USD/CAD at make or break point

The Canadian dollar has been a big beneficiary of the secular bull market in oil. That’s because Canada exports copious quantities of crude. The country, in fact, is the tenth largest exporter of oil according to the CIA World Factbook.

As the price of oil rises, so, too, does the demand for the Canadian dollar. This relationship is readily observable in the cross rates that involve the Canadian dollar. Just pull up two- or three-year charts of the EUR/CAD, AUD/CAD, or GBP/CAD. You will find a steady trend of Canadian dollar strength concurrent to rising crude prices over the same period.

But a strange thing is happening right now. Crude is trading near all-time highs while the Canadian dollar is weakening. What gives?

The Canadian dollar began to show signs of weakness a few months back, after the Bank of Canada (BOC) hinted that it would pause its rate hikes. Confirmation of the pause came last week during the BOC’s most recent meeting, during which they committed to a pause. But in addition to officially pausing their hikes, the BOC revealed that the strong Canadian dollar could weigh on economic growth next year. This was a huge surprise to traders, who had been leaning to the long side in the Canadian dollar as revealed by the recent Commitment of Traders Report.

The outcome of the BOC’s meeting is best viewed through the Loonie, or USD/CAD. The short-term response was to buy the USD/CAD, which helped to finally break the pair out from its two month trading range. But the move left the Loonie at long-term descending resistance near the 1.1400 level.


The significance of the descending resistance level is revealed on a longer-term chart.


The long-term downward trend of the USD/CAD is still intact, despite the recent run-up following the BOC’s remarks. Further, the long-term trend in the USD/CAD is a product of rising oil prices, which are still rising.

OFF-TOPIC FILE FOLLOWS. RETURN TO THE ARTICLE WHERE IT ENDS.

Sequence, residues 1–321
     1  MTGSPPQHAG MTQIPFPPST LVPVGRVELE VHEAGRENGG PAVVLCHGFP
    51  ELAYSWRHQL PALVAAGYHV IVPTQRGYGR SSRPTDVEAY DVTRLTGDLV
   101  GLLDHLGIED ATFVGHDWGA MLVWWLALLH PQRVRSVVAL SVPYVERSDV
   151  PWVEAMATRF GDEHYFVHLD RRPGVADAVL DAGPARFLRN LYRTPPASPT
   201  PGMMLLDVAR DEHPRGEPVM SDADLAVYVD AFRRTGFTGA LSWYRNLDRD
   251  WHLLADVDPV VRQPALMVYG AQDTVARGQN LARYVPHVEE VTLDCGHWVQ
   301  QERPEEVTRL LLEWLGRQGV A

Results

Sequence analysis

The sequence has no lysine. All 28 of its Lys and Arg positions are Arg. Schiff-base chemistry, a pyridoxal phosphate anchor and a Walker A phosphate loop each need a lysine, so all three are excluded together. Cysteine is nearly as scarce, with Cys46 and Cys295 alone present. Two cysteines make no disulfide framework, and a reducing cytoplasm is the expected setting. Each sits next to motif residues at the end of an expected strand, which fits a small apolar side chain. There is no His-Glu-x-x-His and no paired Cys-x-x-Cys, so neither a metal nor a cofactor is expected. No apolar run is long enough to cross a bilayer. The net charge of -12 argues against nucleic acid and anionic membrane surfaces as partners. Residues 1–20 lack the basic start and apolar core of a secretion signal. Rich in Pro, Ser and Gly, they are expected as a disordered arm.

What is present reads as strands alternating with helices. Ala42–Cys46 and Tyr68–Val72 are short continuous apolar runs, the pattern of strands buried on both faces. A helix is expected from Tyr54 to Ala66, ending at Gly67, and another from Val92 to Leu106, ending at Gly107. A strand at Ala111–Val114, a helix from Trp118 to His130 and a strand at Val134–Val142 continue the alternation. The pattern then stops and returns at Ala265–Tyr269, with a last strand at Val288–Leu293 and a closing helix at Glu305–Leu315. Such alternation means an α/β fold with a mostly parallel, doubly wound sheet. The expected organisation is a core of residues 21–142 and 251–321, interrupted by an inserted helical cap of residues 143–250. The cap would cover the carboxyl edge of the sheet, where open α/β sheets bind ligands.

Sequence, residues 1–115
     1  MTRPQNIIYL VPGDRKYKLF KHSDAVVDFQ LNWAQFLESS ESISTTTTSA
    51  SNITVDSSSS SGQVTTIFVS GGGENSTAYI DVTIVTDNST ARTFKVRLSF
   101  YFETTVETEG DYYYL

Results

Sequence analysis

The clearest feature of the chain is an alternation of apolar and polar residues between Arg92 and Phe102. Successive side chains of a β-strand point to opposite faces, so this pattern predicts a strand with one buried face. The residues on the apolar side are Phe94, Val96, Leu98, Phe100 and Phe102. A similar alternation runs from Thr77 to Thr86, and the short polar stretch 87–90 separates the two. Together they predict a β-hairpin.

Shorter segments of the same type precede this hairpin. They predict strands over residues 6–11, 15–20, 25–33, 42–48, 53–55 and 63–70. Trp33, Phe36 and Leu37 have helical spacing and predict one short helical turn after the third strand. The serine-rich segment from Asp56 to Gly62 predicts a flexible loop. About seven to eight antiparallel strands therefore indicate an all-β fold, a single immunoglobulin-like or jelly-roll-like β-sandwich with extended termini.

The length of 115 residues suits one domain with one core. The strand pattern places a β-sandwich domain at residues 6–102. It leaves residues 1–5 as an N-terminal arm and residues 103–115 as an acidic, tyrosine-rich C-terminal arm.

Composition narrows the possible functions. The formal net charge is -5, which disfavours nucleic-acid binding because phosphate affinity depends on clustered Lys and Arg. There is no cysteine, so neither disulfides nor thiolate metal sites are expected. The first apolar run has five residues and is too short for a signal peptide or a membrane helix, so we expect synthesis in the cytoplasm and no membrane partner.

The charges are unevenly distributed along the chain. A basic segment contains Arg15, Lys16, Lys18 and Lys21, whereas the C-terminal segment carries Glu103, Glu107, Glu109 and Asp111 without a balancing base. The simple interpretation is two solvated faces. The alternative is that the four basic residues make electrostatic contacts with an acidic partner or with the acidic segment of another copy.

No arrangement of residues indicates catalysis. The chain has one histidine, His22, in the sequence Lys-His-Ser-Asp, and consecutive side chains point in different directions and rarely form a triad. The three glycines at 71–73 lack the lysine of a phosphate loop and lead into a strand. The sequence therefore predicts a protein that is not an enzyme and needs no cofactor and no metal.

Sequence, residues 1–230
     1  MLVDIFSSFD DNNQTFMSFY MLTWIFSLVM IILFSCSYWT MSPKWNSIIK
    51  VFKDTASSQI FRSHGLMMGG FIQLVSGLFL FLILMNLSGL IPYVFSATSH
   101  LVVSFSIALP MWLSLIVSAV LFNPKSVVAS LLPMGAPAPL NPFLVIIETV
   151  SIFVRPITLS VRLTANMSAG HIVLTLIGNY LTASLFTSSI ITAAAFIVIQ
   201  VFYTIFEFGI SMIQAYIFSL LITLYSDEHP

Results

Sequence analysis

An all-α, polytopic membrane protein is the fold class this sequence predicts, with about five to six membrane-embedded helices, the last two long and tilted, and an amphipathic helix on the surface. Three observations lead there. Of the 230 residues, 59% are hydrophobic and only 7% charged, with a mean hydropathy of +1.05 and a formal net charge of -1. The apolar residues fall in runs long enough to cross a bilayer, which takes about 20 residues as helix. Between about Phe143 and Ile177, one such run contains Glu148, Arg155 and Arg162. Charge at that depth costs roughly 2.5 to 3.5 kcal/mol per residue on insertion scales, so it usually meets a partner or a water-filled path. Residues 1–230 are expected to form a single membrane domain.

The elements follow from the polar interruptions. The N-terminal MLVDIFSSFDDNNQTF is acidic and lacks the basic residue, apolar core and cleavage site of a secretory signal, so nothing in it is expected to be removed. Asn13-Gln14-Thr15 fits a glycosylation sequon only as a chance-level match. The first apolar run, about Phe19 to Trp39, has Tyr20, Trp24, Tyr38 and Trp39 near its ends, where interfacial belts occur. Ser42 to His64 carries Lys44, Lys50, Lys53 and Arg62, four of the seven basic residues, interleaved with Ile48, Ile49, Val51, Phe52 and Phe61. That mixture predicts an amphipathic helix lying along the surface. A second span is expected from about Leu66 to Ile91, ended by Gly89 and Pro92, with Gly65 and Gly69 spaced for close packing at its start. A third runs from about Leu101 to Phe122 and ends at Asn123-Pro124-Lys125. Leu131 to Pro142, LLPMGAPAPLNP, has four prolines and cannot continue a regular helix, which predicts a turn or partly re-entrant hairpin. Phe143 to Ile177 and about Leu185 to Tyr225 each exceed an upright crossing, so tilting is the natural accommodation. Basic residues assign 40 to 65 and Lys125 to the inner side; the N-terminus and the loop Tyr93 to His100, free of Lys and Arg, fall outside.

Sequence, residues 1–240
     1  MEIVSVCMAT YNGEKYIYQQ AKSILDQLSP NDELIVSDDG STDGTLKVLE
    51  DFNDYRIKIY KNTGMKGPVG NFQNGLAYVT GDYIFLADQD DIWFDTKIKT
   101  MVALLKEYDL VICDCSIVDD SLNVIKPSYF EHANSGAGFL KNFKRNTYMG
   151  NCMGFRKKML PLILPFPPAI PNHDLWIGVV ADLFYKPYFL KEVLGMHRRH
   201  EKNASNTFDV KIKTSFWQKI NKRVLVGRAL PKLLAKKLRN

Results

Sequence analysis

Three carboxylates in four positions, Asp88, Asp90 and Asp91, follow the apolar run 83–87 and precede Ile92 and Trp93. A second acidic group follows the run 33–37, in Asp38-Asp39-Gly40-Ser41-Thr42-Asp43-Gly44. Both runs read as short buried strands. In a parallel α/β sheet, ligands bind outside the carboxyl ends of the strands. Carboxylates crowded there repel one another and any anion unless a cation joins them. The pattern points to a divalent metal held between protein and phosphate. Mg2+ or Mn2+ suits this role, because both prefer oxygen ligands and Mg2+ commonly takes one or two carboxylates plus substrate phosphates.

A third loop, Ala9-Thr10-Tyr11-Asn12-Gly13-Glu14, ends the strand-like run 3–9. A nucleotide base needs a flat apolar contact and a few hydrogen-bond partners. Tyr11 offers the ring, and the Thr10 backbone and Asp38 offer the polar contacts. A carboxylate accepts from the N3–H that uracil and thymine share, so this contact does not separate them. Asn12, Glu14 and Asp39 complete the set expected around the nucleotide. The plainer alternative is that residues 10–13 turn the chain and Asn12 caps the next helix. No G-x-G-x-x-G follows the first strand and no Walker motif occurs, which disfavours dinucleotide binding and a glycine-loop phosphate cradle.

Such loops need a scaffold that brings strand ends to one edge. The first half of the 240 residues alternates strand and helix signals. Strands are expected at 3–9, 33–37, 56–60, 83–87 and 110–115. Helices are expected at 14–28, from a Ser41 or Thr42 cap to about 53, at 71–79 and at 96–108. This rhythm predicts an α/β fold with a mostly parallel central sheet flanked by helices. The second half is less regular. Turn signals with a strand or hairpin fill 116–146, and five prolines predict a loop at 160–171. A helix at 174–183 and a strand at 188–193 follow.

If the BOC’s comments marked a significant fundamental change in the Canadian dollar, then the USD/CAD will soon break its long-term descending trend and move towards an intermediate-target of 1.1700.

Conversely, if the trend of rising oil prices continues, then the USD/CAD will likely rollover from its descending trend line and move back down to relative lows — about 400 pips away from the current rate.

There are a couple of different strategies that I would consider when looking to play this set-up in the Loonie. The first is through a directional trade, either through buying or shorting the USD/CAD. To the upside, I would look for the USD/CAD to exceed its short-term highs, and thereafter break through the descending resistance at 1.1400. To the downside, I would wait for a break and close below the 1.1300 level, where I would enter half a short position. I would leg into the second half of a short position on a break and close below 1.1250.

Alternatively, a trader could employ a market-neutral strategy through the use of options, either a vanilla straddle or neutral exotic. Buying one or two months should provide enough time to see the eventual move play out, which should be at least 300 pips.

Eric Utley is a full-time trader with over a decade of experience in equities, equity options, futures, and currencies. He specializes in trading currencies, using a combination of quantitative, technical, and fundamental analysis. He is the lead contributor to, manages a currency trading blog, produces educational programs, and hosts a weekly online seminar.